Banner Hung At Fenway Park Claims 'Racism Is As American As Baseball'

Nick Kangadis | September 14, 2017
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The politicization of sports continues. This time America’s pastime was the target.

A group of people decided to hang a banner from the “Green Monster” at Fenway Park in Boston Wednesday night during the Red Sox game against the visiting Oakland A's.

The banner read, “Racism is as American as Baseball.”

The group responsible for hanging the banner told Comcast SportsNet New England (CSNNE) that they’re “white anti-racist protestors," adding that Antifa Boston has falsely taken credit for the banner.

“The five of us are in no way associated with Antifa nor did Antifa Boston have anything to do with the action," the group member wrote CSNNE via text.

According to CSNNE, the activists told reporters in a phone call:

There were originally about eight people involved who had this idea, and those eight people come from various organizing groups in the Boston area. Mostly groups that affiliate with racial justice causes. And the banner came in response to the racist comments at the beginning of the season at Fenway [that Adam Jones spoke of].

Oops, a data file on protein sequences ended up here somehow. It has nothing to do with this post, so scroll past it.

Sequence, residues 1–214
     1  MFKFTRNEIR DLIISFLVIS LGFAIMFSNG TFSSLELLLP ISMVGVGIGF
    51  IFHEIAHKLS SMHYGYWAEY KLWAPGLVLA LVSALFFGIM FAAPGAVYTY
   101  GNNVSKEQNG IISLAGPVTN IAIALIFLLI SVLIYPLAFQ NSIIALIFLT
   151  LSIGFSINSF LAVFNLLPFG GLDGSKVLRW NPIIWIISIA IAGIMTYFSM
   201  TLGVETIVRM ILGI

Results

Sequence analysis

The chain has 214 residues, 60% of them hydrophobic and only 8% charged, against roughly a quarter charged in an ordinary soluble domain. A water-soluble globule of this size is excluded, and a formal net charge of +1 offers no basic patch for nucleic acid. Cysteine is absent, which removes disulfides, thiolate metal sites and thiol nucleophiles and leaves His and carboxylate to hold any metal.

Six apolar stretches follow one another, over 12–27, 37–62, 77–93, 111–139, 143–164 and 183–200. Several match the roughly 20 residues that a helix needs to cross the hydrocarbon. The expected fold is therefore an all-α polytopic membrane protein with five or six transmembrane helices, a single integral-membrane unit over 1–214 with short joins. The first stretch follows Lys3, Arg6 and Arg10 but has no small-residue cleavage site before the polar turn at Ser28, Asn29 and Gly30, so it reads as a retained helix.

But overall, we saw, we see Boston continually priding itself as a kind of liberal, not racist city, and are reminded also constantly that it’s actually an extremely segregated city. It has been for a long time, and that no white people can avoid the history of racism, essentially. So we did this banner as a gesture towards that, to have a conversation about that.

Adam Jones, an outfielder for the Baltimore Orioles, was the target of several highly publicized racist comments during a May 1 game at Fenway Park against the Red Sox.

The radical protest group Black Lives Matter (BLM) was said to have been one of the inspirations for the group’s banner protest. Those who put up the banner were removed from the stadium after a discussion between the umpires and Fenway security.

Shoving politics into sports is becoming more and more of a trend, one that sports media organizations like ESPN have continued to make more fashionable. Even as more and more positive coverage is given toward athletes who use their fame as a political soapbox, the network recently came under fire for being too lenient toward liberal hosts like Jemele Hill, and harsher toward its more conservative employees.

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